|German Federal Parliament|
The New York Times: Editorial Board: Germany and the Minimum Wage
More evidence that Germany is not as socialist as it get's stereotyped. The German Bundestag which is the lower chamber of the German Federal Parliament which is like the U.S. House in our Congress passed a sensible minimum wage law last week. 8.50 Euros which would be $11.60 in American dollars assuming the the upper chamber of parliament in Germany the Bundesrat which would be like the U.S. Senate in the U.S. Congress passes this law as well. This is not a twenty-five dollar and hour minimum wage that American so-called Progressives want. But $11.60 which is less than half.
$7.25 and hour is way too low for a minimum wage in America especially with our high cost of living. And then you add the fact that it is also unfairly too low when you consider that grocery store cashiers and fast food cashiers and cooks are vital employees to their employees. Without these workers these companies would be out of business. So paying them a wage that doesn't allow them to come close to being able to pay their bills and having to rely on taxpayers in order to financially survive is not fair to the workers, but also not the taxpayers who have to pick up their employers tab.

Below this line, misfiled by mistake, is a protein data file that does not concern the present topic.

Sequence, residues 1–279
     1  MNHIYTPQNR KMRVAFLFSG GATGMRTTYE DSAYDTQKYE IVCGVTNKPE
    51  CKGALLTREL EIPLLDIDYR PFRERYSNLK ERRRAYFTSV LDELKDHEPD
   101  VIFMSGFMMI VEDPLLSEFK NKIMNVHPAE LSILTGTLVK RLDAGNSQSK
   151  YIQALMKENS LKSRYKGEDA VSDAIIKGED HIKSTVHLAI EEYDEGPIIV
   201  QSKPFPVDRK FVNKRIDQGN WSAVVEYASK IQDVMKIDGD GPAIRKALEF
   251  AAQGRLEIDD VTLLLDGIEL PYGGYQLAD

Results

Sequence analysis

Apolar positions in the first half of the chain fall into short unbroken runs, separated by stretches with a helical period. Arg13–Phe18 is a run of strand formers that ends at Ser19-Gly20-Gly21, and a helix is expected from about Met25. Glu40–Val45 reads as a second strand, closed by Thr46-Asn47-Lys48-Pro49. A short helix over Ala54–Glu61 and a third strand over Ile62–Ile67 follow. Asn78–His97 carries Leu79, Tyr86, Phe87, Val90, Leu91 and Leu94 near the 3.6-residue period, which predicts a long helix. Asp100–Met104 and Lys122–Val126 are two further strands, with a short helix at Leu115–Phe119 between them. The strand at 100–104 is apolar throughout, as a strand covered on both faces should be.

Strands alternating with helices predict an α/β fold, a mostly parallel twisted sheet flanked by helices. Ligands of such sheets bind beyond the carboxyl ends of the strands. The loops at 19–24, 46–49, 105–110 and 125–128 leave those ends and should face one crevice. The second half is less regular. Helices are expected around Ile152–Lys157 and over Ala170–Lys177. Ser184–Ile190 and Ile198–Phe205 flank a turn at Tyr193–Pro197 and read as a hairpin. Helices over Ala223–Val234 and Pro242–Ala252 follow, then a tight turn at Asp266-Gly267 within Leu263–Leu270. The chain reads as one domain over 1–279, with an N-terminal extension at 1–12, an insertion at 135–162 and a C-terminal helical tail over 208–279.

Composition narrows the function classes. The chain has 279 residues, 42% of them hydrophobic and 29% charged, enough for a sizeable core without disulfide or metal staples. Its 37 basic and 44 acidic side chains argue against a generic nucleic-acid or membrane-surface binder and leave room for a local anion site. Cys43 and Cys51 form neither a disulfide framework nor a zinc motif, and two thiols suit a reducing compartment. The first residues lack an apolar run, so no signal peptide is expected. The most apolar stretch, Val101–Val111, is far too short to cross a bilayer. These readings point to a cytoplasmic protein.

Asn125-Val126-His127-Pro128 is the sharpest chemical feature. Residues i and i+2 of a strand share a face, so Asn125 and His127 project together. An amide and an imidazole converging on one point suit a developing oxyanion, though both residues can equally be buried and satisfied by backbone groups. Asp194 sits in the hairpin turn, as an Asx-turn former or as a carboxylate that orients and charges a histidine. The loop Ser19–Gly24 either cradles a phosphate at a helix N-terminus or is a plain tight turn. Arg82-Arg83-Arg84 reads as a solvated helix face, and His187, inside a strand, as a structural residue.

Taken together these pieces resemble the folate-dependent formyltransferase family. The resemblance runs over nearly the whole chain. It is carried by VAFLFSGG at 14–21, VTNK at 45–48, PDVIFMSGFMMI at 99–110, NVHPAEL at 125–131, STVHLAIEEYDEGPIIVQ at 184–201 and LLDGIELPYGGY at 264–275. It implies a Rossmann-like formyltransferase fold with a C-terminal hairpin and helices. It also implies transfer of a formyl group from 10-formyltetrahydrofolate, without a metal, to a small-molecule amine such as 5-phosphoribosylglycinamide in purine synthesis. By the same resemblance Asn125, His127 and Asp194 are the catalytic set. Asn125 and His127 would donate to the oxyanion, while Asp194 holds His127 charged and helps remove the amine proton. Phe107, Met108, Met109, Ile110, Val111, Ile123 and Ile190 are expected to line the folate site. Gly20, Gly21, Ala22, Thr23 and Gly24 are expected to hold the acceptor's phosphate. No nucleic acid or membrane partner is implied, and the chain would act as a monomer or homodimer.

My first offer when it comes to raising the minimum wage in America would be ten-dollars an hour with a thirty-percent tax break for small employers. And then index it for inflation so it keeps up with cost if living. But I could go to twelve-dollars and hour without much convincing needed with the same thirty-percent tax break. Or even fifteen-dollars an hour with a 30-40 percent tax break. Which would be benefit taxpayers because their taxes wouldn't be needed as much to fund public assistance. It would also help our debt and deficit situation because again fewer Americans would need public assistance. And it wouldn't hurt small employers because they would get that money back in a tax cut.